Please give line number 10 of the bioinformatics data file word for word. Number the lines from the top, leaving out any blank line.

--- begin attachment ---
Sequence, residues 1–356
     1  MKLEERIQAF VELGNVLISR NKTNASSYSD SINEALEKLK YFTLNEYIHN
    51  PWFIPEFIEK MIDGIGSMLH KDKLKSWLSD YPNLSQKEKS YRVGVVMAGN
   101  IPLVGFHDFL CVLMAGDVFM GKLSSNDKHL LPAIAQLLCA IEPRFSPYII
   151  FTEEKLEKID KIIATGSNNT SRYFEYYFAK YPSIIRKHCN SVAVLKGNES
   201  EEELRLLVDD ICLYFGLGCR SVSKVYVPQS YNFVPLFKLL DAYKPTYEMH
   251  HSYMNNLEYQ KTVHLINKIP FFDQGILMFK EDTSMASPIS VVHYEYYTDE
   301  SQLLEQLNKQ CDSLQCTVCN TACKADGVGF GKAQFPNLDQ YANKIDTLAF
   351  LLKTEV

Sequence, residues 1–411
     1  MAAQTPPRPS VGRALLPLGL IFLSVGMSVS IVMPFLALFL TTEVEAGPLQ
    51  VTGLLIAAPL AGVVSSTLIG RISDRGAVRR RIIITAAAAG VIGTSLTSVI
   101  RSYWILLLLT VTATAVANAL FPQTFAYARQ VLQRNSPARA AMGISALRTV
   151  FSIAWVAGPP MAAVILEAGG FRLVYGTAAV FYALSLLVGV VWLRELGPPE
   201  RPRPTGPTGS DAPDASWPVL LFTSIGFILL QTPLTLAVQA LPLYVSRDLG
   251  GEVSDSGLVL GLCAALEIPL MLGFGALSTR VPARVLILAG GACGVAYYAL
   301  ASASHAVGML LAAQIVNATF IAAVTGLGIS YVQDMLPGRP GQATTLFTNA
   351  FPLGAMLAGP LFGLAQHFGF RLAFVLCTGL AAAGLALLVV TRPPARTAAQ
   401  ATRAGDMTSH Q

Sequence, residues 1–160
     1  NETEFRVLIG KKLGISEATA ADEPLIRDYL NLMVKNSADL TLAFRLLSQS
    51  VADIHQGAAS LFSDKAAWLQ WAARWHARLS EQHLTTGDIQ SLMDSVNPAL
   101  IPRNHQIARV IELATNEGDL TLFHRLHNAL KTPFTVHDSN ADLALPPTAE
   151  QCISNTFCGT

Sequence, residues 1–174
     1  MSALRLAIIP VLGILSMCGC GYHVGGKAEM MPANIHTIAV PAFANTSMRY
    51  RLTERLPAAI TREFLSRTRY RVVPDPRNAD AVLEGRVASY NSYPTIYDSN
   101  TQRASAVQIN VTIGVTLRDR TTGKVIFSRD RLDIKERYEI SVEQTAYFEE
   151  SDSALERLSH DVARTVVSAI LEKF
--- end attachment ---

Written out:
Sequence, residues 1–411